At the time, much of the financial industry was operating under two fallacies. First, lenders believed that new derivatives and asset-backed securities had eradicated the risk of default. And second, while it seems absurd in hindsight, many of the best and brightest minds on Wall Street had concluded that housing prices would never stop going up -- or, at the very least, that they wouldn't decline simultaneously across the country.

    The result was that these assumptions removed much of the incentive for lenders to monitor credit standards. If there's no fear of default, why not lend to anyone and everyone regardless of their income, assets, or credit score? And it was this behavior, and notably not the Fed's manipulation of interest rates, which fueled the housing bubble and laid the groundwork for the financial crisis.

    But what about the stock market's record highs?
    This isn't to say that the central bank can't distort asset values by way of monetary policy. Indeed, not only can it do so, but it can do so to a considerable degree.

    "Monetary policy has powerful effects on risk taking," Fed Chairwoman Janet Yellen acknowledged in a speech earlier this month. "Indeed, the accommodative policy stance of recent years has supported the recovery, in part, by providing increased incentives for households and businesses to take on the risk of potentially productive investments."

    This is exactly what's happened. As Josh Brown recounted earlier this year, "flows into equity funds went megapositive in 2013 while money going into bond funds slowed to a trickle." More specifically, he noted that stock funds have had $298 billion in inflows since the beginning of last year, while bond funds have had only $75 billion.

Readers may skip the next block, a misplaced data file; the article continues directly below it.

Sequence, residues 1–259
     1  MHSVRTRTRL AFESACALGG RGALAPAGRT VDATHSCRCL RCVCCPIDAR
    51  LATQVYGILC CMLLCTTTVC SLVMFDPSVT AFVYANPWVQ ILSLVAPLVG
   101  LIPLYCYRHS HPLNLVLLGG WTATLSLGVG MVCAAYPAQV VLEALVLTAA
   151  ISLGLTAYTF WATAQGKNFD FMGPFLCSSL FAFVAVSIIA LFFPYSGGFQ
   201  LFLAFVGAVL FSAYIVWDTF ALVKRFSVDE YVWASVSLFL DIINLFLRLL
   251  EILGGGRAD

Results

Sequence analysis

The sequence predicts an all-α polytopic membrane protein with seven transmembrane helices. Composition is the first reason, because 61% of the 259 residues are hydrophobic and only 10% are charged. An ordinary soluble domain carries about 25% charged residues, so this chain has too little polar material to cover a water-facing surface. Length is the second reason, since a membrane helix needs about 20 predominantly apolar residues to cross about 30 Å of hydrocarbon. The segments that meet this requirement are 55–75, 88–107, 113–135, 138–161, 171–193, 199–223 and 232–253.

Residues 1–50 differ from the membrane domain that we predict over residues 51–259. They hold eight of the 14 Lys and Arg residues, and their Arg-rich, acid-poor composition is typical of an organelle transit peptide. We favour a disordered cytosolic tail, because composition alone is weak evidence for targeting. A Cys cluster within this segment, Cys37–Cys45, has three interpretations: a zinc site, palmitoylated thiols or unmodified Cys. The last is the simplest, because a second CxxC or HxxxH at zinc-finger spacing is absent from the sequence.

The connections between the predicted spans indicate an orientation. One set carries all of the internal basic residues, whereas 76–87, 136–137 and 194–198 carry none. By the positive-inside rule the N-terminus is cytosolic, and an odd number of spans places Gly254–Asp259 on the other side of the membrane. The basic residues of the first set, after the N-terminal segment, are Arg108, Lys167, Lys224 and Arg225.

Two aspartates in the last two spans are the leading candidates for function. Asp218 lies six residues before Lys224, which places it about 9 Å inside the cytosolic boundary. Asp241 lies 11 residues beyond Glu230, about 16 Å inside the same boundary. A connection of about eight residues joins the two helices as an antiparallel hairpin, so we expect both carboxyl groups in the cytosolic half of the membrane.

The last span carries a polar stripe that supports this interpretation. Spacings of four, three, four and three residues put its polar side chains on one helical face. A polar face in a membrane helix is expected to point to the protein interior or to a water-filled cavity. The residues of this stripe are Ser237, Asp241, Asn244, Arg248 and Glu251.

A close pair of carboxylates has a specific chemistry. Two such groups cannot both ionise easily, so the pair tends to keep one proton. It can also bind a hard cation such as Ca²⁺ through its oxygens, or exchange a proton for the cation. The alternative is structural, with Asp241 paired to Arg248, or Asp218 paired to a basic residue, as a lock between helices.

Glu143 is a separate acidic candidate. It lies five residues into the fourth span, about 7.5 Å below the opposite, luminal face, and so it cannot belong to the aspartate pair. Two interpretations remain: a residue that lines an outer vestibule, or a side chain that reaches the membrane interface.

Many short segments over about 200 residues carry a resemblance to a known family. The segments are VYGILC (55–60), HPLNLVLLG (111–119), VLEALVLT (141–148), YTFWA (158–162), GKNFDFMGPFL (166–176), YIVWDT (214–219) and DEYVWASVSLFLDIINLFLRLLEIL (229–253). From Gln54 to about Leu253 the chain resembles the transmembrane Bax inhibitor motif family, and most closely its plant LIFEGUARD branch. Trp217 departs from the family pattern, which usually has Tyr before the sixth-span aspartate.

But that's as far as it goes. In other words, the fact that the Fed's monetary policies have caused stock prices to soar, doesn't mean there's a bubble.

    The reason for this is simple. In order for there to be a bubble, asset prices must be more than inflated; they must be irrationally inflated. And, like I've discussed, this isn't the case. If anything, in fact, the increase in asset prices is entirely rational.

    As Bloomberg's Noah Smith recently explained (emphasis added):

    The value of a financial asset is the discounted present value of its future payoffs, and when the discount rate -- of which the Fed interest rate is a component -- goes down, the true fundamental value of risky assets goes up mechanically and automatically. That's rational price appreciation, not a bubble.
    Does this mean stock prices won't at some point deflate? No. In fact, you should probably assume they will. Stock prices correct all the time. But what's important to remember is that a correction isn't a bubble..."

    http://www.fool.com/investing/general/2 ... stock.aspx